There are several ways to choose the filesystems of either the table or the JSON output:
- Choose between the "normal" ones or all of them
- Select the filesystem containing a specific path
- Use the rich query syntax of the
The default selection of filesystems showcases your storage, avoiding any filesystem which both have no "disk" and aren't remote ones, bound to another filesystem, etc.
Here are the rules of the current heuristics, in order: a filesystem
- is excluded when it's bound to a previous one
- is excluded when it's of type
- is included when it's of type
- is included when it's remote
- is excluded when no underlying disk was found
To see all filesystems of your system, do
This list can be quite big with virtual file systems, docker use, etc.
If you're only interested in the device on which some file is, give the path as argument.
For example, for the current device, use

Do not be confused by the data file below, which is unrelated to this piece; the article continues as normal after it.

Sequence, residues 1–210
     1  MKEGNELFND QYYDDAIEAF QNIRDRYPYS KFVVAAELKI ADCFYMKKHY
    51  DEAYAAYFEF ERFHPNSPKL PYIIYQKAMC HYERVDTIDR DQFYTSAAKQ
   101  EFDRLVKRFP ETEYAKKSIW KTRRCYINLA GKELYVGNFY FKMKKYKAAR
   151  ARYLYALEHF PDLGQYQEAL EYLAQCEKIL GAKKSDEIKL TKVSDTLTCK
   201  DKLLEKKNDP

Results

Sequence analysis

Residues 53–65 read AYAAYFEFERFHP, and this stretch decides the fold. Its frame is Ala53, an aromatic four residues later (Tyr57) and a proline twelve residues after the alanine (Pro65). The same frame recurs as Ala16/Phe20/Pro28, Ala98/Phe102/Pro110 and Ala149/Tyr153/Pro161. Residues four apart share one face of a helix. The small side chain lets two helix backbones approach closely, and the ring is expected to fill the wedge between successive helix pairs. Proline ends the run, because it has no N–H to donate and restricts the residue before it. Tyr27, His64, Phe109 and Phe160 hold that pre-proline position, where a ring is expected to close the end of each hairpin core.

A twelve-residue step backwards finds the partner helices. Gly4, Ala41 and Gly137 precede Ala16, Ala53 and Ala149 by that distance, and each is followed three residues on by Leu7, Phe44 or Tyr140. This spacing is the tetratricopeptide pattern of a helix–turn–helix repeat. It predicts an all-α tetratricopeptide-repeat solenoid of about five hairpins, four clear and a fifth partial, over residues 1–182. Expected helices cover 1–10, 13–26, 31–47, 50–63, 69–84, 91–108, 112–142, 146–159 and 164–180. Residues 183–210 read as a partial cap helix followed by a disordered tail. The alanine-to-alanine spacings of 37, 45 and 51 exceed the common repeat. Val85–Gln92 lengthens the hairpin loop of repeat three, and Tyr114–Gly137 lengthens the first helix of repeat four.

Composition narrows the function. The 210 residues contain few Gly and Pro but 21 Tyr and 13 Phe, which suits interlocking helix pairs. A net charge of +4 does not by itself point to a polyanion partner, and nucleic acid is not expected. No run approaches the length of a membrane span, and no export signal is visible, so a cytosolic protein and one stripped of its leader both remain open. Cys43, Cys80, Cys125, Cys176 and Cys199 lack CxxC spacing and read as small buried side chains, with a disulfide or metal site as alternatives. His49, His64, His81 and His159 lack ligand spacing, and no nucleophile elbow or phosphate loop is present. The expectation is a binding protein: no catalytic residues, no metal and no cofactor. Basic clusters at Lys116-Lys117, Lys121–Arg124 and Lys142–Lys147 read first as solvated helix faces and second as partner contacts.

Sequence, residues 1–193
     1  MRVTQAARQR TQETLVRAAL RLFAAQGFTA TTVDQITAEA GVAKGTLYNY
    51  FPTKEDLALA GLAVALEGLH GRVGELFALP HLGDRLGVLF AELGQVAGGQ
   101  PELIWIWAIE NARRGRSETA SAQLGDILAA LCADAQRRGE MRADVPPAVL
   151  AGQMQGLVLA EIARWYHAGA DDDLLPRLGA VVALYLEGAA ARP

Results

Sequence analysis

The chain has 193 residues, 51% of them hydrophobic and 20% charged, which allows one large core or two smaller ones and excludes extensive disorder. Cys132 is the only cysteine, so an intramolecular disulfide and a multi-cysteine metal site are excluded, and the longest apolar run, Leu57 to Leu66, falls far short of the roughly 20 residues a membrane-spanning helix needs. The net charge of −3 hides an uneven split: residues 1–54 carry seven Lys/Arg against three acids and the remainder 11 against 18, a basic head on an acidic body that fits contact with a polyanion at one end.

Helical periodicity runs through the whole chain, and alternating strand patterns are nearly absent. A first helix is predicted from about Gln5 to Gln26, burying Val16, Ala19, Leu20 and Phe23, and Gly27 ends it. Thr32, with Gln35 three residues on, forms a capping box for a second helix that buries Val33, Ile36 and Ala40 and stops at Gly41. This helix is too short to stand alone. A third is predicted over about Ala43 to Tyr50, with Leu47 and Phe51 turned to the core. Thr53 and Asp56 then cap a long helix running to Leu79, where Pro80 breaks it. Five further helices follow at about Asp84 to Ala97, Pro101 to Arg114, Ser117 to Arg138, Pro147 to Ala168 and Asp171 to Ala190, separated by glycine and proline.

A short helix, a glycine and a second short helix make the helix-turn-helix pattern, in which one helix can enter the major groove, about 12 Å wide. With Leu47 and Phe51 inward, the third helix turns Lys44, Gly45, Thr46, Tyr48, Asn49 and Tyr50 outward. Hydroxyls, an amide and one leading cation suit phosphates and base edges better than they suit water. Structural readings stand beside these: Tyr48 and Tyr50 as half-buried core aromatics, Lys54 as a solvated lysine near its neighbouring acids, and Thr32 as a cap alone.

--filter argument, shortened in
-f, lets you specify a constraint, or combine several ones.
A constraint can be related to any column.
You can for example fetch the filesystems with a given type with
lfs -f 'type=xfs'.
The operators you can apply to a column are the following ones:
|<=||lower or equal|
|>=||greater or equal|
|=||somehow equal - for example
You can combine several column conditions with boolean operators
& (and) and
! (not) and if needed you can use parenthesis.
For example you may want to select the volumes with not enough space with
lfs -f 'free<100G | use>75%'
Only normal filesystems are shown unless you use
-a. This applies even when you use the